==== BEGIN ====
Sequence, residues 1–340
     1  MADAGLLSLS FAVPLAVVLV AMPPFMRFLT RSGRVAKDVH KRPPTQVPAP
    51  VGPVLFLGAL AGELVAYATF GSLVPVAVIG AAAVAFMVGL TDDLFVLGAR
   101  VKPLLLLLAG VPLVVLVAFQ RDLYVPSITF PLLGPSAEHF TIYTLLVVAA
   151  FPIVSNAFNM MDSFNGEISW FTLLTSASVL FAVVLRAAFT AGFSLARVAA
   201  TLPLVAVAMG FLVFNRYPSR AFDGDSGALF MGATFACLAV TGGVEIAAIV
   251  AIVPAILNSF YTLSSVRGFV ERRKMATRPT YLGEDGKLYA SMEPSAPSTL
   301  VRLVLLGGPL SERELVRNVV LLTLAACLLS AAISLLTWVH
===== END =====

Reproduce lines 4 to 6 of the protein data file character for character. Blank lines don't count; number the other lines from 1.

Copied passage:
   101  VKPLLLLLAG VPLVVLVAFQ RDLYVPSITF PLLGPSAEHF TIYTLLVVAA
   151  FPIVSNAFNM MDSFNGEISW FTLLTSASVL FAVVLRAAFT AGFSLARVAA
   201  TLPLVAVAMG FLVFNRYPSR AFDGDSGALF MGATFACLAV TGGVEIAAIV